OxyFile #224

Bacteria in human mouths involved in the production and 
utilization of hydrogen peroxide.


Author:  Ryan CS; Kleinberg I

Source:  Arch Oral Biol 1995 Aug; 40(8):753-63

Abstract:  

Earlier studies have demonstrated that pure cultures of 
oral streptococci produce hydrogen peroxide but none has 
found any free peroxide in dental plaque or salivary sediment 
despite streptococci being major components of their mixed 
bacterial populations. The absence of peroxide in plaque 
and sediment could be due to the dominance of its destruction 
over its formation by bacterial constituents. To identify 
which of the oral bacteria might be involved in such a 
possibility, pure cultures of 27 different oral bacteria 
were surveyed (as well as dental plaque and sediment) for 
their peroxide-forming and peroxide-removing capabilities. 
Peroxide production was measured for each of the pure cultures 
by incubation with glucose at low and high substrate 
concentrations (2.8 and 28.0 mM) for 4 h and with the pH kept at 
7.0 by a pH-stat. Removal of hydrogen peroxide was assessed in 
similar experiments where peroxide at 0, 29.4, 147.2 or 
294.4 mM [0, 0.1, 0.5 and 1% (w/v)] replaced the glucose. 
Hydrogen peroxide formation was seen with only three of 
the bacteria tested, Streptococcus sanguis I and II (sanguis 
and oralis), and Strep. mitior (mitis biotype I); levels 
of hydrogen peroxide between 2.2 and 9.8 mM were produced 
when these micro-organisms were grown aerobically and 1.1 
and 3.9 mM when grown anaerobically. Earlier reports indicate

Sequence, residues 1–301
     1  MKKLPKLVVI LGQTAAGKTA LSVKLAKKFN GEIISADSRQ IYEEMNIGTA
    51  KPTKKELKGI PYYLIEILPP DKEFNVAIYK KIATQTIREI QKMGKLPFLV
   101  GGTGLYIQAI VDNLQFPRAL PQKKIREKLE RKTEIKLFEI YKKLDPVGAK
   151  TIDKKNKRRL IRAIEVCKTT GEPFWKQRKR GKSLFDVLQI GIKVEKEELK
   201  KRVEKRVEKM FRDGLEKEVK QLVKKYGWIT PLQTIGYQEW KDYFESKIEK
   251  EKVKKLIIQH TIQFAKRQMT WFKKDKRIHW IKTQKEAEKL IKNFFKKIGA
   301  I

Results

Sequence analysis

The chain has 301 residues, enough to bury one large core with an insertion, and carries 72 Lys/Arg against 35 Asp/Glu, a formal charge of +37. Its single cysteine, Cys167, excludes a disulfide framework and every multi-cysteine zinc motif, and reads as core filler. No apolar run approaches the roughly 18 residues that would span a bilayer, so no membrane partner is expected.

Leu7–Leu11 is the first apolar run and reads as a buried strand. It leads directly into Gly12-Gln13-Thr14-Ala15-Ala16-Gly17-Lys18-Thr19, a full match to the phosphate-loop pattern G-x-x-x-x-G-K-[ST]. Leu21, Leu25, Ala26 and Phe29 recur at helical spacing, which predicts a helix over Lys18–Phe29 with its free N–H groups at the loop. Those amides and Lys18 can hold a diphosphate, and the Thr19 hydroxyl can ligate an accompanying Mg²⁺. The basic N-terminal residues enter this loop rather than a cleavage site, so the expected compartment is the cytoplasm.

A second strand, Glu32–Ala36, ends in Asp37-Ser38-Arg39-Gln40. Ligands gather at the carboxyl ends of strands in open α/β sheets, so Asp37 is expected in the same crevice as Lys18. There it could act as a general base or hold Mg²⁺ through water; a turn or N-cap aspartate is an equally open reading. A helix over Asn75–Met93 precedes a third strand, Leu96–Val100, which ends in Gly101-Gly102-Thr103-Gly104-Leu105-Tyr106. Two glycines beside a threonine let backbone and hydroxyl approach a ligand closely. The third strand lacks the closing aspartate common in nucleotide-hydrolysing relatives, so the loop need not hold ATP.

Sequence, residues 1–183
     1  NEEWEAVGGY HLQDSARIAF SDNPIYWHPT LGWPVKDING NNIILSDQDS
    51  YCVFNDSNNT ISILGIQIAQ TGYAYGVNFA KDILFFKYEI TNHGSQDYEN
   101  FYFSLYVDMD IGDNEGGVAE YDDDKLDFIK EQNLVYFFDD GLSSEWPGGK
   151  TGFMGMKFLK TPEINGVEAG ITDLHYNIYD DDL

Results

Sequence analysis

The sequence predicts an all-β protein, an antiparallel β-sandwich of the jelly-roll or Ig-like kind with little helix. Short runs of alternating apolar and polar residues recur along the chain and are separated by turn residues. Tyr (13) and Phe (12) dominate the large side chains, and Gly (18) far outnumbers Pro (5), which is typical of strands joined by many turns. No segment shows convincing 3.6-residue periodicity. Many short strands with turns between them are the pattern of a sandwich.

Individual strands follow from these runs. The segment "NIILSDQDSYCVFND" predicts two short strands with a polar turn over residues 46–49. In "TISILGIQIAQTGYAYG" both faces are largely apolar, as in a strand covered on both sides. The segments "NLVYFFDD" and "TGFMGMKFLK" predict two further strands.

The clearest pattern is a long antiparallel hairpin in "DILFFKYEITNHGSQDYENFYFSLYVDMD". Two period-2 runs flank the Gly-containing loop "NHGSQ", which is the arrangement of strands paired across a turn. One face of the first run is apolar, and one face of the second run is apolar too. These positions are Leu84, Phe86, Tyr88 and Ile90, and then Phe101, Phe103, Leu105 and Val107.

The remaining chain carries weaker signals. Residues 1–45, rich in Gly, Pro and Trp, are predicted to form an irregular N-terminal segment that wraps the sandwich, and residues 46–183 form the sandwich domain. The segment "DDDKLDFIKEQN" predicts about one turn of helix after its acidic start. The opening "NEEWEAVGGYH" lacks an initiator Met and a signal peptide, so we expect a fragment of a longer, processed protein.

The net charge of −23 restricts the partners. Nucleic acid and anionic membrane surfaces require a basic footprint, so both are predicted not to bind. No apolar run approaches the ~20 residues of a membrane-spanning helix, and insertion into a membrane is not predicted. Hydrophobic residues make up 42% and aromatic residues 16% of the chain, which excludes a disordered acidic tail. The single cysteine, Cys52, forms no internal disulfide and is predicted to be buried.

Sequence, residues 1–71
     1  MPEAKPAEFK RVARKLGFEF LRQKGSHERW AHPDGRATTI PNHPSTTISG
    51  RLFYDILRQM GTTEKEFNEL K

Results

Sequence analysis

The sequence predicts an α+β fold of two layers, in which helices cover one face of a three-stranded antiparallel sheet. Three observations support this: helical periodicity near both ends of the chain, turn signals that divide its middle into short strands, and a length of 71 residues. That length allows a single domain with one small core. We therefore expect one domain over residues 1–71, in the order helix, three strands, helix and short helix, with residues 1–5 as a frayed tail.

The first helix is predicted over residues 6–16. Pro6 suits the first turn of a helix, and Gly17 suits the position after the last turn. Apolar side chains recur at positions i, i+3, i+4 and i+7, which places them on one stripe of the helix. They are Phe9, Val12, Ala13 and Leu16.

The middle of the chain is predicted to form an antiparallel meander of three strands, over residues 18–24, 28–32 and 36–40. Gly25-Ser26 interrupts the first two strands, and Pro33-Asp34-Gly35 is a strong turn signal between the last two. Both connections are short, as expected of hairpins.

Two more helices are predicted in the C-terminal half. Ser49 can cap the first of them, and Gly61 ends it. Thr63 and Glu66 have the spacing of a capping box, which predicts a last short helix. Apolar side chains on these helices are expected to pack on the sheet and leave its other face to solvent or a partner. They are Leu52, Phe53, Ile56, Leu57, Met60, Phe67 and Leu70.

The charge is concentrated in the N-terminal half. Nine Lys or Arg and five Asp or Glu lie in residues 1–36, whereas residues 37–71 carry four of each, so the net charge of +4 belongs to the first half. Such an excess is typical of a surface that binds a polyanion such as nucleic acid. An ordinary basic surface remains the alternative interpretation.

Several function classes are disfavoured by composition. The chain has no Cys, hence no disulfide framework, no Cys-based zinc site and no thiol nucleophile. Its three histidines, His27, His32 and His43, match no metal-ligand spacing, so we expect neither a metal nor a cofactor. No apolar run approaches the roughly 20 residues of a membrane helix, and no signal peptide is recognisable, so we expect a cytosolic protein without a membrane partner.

that such levels were usually sufficient to inhibit the 
growth of many plaque bacteria. The amounts formed were 
similar at the two glucose levels tested, suggesting that 
maximum peroxide production is reached at low glucose concentration. 
None of the three peroxide-producing organisms was able 
to utilize hydrogen peroxide but five of the other 24 tested, 
Neisseria sicca, Haemophilus segnis, H. parainfluenzae, 
Actinomyces viscosus and Staphylococcus epidermidis, could 
readily do so, as could the mixed bacteria in salivary 
sediment and dental plaque, both of which contain relatively 
high numbers of these peroxide-utilizing micro-organisms. 
The ability of the bacteria in plaque and sediment to degrade 
hydrogen peroxide was considerable and extremely rapid; 
peroxide removal and usually complete within the first 
15 min of the incubation even when its initial level was 
as high as 294.4 mM. This almost overwhelming ability to 
remove peroxide was confirmed when peroxide-producing and 
-using cultures were mixed and when each of eight salivary 
sediments was incubated with glucose and with peroxide 
at concentrations up to 294.4 mM. In the glucose incubations, 
no hydrogen peroxide was observed, indicating dominance 
of microbial peroxide removers over hydrogen peroxide producers.